An accessible approach to Frontend testing

October 13, 2017 0 Comments

An accessible approach to Frontend testing

 

 

Testing is hard. Testing Frontend is harder. But you should do it anyways.

Being realistic tests are usually avoided and this happens even often in Frontend codebases because testing a UI is harder than just doing a unit test or a HTTP request to check the response of an API (I’m not saying testing backend is easy).

The problem here is that doing tests is important and avoiding them is just irresponsible, they allow the early detection of bugs before reaching the users.

Here I’m going to list and review some useful techniques when testing Frontend code that can be gradually implemented.

Linter

The first most simple way to “test” a code is using a code linter. A linter can be used to detect common issues, they can be simple typos like missing a comma, semicolon or bracket, bad practices like using a variable instead of a constant or a style guideline issue (you can also use Prettier for style guidelines).

A linter statically analyze the code to check if it follows the configured rules, they can also be used in the bundling process and, thanks to IDE integrations, can even detect issues while the code is being written and before it reaches the browser.

In the JS world there are a lot of possible linters, ESLint is configurable, extensible and has many features.

But configuring tools is not amusing, so there are other linters like Standard or xo which don’t require any configuration. Internally they use ESLint (and can be used as configurations for ESLint) so they can be extended using his rules if it’s required for the project.

Unit tests for business logic

When talking about automated code testing the usual is to think about a unit test. In Frontend unit testing code is hard because testing a UI with a simple unit test is no that easy (and useful).

But a Frontend codebase is not only UI, it usually has business logic independent of the UI code. And that business logic can be unit tested.

To provide an example in a React + Redux application the reducers can be unit tested, also something like Redux Sagas that allow to unit test the async related code easier.

Snapshot tests for UI

So far I mentioned linters to check common bugs and unit tests for business logic, but what about the UI? The whole Frontend idea is about UI.

Snapshot testing is a kind of regression test. It means first the code is written, it’s tested to work (either with a unit test or just running it) and then the tests are written, in the future if the code is changed the tests validate if everything still work.

Because this tests validate the code still work as expected when a change is made can be used to check the rendering of a user interface. In UI related code (like React components) this means if the components returns what’s expected.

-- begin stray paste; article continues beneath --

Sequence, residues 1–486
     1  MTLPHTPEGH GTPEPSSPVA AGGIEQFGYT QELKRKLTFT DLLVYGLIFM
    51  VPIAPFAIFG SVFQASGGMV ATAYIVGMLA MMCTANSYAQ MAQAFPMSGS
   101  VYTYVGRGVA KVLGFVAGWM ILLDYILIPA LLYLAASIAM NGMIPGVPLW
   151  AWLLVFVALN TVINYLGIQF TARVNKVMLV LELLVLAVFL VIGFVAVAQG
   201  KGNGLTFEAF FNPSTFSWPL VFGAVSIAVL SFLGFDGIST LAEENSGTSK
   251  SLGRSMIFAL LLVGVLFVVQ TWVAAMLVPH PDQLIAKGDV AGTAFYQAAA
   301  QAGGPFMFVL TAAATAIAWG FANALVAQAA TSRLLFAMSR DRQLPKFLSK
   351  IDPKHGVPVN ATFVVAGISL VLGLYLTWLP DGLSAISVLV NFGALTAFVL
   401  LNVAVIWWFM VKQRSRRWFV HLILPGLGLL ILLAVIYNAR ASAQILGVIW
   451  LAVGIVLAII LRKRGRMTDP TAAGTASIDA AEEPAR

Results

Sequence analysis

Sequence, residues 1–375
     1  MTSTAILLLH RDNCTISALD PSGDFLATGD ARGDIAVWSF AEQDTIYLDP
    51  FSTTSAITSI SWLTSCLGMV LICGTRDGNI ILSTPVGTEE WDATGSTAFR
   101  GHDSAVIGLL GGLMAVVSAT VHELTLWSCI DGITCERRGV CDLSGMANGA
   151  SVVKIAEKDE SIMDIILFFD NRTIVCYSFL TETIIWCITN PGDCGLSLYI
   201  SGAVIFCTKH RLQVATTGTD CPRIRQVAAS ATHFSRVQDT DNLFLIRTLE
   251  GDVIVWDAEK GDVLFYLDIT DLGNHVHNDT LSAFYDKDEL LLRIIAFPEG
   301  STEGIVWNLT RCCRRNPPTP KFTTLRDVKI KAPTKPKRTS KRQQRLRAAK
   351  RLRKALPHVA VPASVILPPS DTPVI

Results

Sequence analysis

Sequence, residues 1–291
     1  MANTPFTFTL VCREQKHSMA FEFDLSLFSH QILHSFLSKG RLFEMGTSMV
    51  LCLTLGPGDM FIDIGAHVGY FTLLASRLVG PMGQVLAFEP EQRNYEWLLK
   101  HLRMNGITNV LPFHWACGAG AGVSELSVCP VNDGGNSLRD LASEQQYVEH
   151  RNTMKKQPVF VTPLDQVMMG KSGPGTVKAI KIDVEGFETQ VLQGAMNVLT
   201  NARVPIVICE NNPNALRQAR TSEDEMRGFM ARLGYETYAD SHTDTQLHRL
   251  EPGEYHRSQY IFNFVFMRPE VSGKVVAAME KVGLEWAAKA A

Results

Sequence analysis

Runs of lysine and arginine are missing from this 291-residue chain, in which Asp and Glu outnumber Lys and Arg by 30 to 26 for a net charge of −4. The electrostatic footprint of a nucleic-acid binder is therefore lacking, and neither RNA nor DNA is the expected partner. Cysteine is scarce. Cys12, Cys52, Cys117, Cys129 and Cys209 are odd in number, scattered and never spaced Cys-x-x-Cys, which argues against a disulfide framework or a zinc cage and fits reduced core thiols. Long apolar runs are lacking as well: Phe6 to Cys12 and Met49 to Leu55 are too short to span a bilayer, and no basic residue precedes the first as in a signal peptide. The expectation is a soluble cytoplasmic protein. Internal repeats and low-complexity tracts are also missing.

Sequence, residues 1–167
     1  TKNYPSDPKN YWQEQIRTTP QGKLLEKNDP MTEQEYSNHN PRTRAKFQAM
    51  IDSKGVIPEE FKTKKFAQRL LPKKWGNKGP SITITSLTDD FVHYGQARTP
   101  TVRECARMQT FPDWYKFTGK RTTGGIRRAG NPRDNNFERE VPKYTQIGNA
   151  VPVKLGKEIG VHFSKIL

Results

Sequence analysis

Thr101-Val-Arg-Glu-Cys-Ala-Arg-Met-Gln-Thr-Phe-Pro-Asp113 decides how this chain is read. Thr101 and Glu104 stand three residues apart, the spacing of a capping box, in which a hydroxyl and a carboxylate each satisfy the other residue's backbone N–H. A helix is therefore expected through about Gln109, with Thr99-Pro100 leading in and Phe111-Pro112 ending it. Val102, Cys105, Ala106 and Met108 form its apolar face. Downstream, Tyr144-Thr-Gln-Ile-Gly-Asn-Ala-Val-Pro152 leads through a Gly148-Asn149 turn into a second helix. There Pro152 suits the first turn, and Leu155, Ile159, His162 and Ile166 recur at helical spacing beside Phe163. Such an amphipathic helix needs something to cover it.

This is easily done with Jest in React and React Native but it can be done in Vue.js and Angular too.

This could also be used for non-UI code of course to add some regression test to that code.

End to End tests for complex workflows

Complex workflow are common in many WebApps and snapshots or unit tests don’t mean the workflows are going to work as expected. End to end or e2e tests can be used to test this workflows.

In an e2e test a browser is opened and the user workflow runs automatically. That mean this kind of tests are usually slow because they need to open a new browser, load the website and interact with it.

And since they aren’t that easy to write beside being slow they end up being avoided by developers. But this kind of tests can be more useful in complex and importantes workflows like a payment workflow, because of course everyone wants the payment workflow to work without problems.

As with other tests there’re many possible tools to do this, Selenium, TestCafe, PhantomJS, Headless Chrome, Puppeteer and many more tools.

Gradual implementation

While starting a new application is easy to start with test and do everything right from the beginning, but in most cases the projects already exists and have a lot of legacy code. So how implement all of this? Doing it gradually.

Trying to get a 100% of coverage in already existent codebase is harder than doing it from zero. Instead of creating a big pull request with all the tests implement them gradually.

Start with the linter, is the simplest thing to use, in most cases it doesn’t even require any configuration.

Then comes unit tests, they allow to test the logic, usually the UI is something you can be sure it works checking manually but testing logic automatically can be faster in most cases when they require to do a user flow manually after each change.

After unit tests start with the UI, is easier to snapshot the UI components without logic (pure components). This can be done with tools like Jest, if you use React with styled-components the snapshot can test the CSS code (to be sure the CSS is always the same).

Complex workflows is something that should be tested while implementing the other tests, it’s not required to test every user flow, but the more user flows are tested the more secure it is to deploy.

Final words

To conclude testing is important and if implemented gradually is not going to become a burden, eventually the whole code will be tested and the deployment could also be automated to happens after each test.

This can guarantee the stability of an application and security to deploy without thinking the whole app is going to break in production.


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